# Frustrated Thin Films of Antiferromagnetic FCC Lattice

In this chapter, we show the effects of frustration in an antiferromagnetic film of face-centered cubic (FCC) lattice with Heisenberg spin model including an Ising-like anisotropy. Monte Carlo (MC) simulations have been used to study thermodynamic properties of the film. We show that the presence of the surface reduces the ground state (GS) degeneracy found in the bulk. The GS is shown to depend on the surface in-plane interaction *J _{s}* with a critical value at which ordering of type I coexists with ordering of type II. Near this value, a reentrant phase is found. Various physical quantities such as layer magnetizations and layer susceptibilities are shown and discussed. We study here how physical properties vary as the surface bond strength changes at a fixed film thickness. The nature of the phase transition is also studied by the histogram technique.

We have also used the Green’s function (GF) method for the quantum counterpart model. The results at low-Г show interesting effects of quantum fluctuations. Results obtained by the GF method at high *T* are compared to those of MC simulations. A good agreement is observed.

*Physics of Magnetic Thin Films: Theory and Simulation *Hung T. Diep

Copyright © 2021 Jenny Stanford Publishing Pte. Ltd.

ISBN 978-981-4877-42-8 (Hardcover), 978-1-003-12110-7 (eBook) www.jennystanford.com

Some results shown in this chapter has been published in Ref. [249].

## Introduction

Effects of the frustration in spin systems have been extensively investigated during the past 30 years. Frustrated spin systems are shown to have unusual properties such as large ground state (GS) degeneracy, additional GS symmetries, successive phase transitions with complicated nature. Frustrated systems still challenge theoretical and experimental methods. For recent reviews, the reader is referred to Ref. [85].

On the other hand, during the same period physics of surfaces and objects of nanometric size have also attracted an immense interest. This is due to important applications in industry [35, 36, 72, 374]. In this field, results from laboratory research are often immediately used for industrial applications, without waiting for a full theoretical understanding. An example is the so-called giant magneto-resistance (GMR) used in data storage devices, magnetic sensors, ... [18, 22, 134, 345]. In parallel to these experimental developments, much theoretical effort has also been devoted to the search of physical mechanisms lying behind new properties found in nanometric objects such as ultrathin films, ultrafine particles, quantum dots, spintronic devices, etc. This effort aimed not only at providing explanations for experimental observations but also at predicting new effects for future experiments [248, 252].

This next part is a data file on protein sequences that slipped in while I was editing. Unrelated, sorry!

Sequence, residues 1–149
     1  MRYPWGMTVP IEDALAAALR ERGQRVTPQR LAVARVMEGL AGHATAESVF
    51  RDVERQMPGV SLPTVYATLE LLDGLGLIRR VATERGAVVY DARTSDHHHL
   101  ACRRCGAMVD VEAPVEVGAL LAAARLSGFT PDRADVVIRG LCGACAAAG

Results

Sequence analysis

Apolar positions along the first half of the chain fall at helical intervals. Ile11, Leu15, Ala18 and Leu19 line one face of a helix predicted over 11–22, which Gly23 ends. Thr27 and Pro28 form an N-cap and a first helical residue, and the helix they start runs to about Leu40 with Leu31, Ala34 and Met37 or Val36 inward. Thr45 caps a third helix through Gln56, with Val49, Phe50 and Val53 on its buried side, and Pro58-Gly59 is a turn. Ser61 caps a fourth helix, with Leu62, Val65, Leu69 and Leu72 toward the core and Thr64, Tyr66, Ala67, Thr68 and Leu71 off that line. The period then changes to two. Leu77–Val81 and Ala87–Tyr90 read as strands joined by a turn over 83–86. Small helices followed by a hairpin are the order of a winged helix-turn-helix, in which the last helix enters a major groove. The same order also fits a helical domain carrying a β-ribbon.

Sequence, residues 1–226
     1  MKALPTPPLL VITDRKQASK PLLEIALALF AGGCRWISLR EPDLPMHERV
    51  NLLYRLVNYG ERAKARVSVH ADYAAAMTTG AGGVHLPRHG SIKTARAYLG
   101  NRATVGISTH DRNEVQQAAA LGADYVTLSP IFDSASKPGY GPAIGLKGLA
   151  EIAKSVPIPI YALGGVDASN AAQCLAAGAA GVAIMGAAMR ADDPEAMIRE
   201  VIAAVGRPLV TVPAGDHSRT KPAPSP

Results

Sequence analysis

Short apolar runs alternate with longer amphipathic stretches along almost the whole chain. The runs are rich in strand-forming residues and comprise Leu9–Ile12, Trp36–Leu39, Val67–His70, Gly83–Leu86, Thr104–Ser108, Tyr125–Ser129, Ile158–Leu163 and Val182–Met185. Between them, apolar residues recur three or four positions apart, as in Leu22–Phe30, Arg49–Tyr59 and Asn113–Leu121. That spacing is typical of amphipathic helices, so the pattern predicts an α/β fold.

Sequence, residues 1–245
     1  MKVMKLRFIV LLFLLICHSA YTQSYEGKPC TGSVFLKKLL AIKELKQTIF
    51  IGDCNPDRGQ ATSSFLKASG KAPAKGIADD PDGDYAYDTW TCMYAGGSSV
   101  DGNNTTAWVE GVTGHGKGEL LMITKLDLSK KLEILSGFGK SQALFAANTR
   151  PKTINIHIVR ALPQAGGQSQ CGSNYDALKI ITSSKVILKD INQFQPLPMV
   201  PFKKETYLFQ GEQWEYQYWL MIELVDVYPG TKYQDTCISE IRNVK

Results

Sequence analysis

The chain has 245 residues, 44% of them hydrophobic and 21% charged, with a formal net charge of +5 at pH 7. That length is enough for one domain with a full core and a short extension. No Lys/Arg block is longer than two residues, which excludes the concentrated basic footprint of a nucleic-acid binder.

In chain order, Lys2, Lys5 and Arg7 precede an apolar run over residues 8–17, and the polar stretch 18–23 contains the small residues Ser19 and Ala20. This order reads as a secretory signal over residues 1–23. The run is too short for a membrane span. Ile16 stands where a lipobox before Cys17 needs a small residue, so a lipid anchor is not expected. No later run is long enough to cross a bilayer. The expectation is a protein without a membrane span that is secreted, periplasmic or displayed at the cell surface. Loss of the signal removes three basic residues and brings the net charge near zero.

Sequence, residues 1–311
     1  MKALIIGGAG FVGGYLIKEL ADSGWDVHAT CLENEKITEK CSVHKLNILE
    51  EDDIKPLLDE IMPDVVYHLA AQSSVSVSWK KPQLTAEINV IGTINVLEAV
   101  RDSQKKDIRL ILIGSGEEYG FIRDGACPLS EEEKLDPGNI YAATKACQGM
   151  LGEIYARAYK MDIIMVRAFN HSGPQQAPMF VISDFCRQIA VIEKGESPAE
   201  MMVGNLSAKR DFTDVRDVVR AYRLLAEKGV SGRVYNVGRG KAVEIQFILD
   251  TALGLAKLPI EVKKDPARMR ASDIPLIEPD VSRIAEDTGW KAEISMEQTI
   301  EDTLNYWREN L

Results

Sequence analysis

The aim of this chapter is to show the effect of the presence of a film surface in a system which is known to be very frustrated, namely the FCC antiferromagnet. The bulk properties of this material have been largely studied as we will show below. We would like to see here in particular how the frustration effects on the nature of the phase transition in 3D are modified in thin films and how the surface conditions affect the magnetic phase diagram. We emphasize that we do not try to address how physical properties vaiy as the film thickness changes. Rather we work with only one film thickness and address the question how a change in the surface bond strength changes the physical properties. The effects obtained here certainly remain generic when the film thickness varies. We shall use in the following Monte Carlo (MC) simulations and the Green's function method for qualitative comparison.

In the following section, we describe the model and recall the properties of the 3D counterpart model in order to better appreciate properties of thin films. A determination of its GS properties is also given. In Section 9.3, we show our results obtained by MC simulations as functions of temperature *T.* The surface exchange interaction *J _{s}* is made to vary. A phase diagram in the space (Г,

*J*is shown and discussed. In general, the surface transition is found to be distinct from the transition of interior layers. An interesting reentrant region is observed in the phase diagram. We also show in this section the results on the critical exponents obtained by MC multi-histogram technique. A detailed discussion on the nature of the phase transition is given. Section 9.4 is devoted to a study of the quantum version of the same model by the use of the GF method. We find interesting effects of quantum fluctuations at low

_{s})*T.*The phase diagram (

*T, J*is established and compared to that obtained by MC simulations for the classical model.

_{s})## Model and Classical Ground-State Analysis

It is known that the antiferromagnetic (AF) interaction between nearest-neighbor (NN) spins on the FCC lattice causes a very strong frustration. This is due to the fact that the FCC lattice is composed of corner-sharing tetrahedra each of which has four equilateral triangles. It is well-known [86] that it is impossible to fully satisfy simultaneously the three AF bond interactions on each triangle.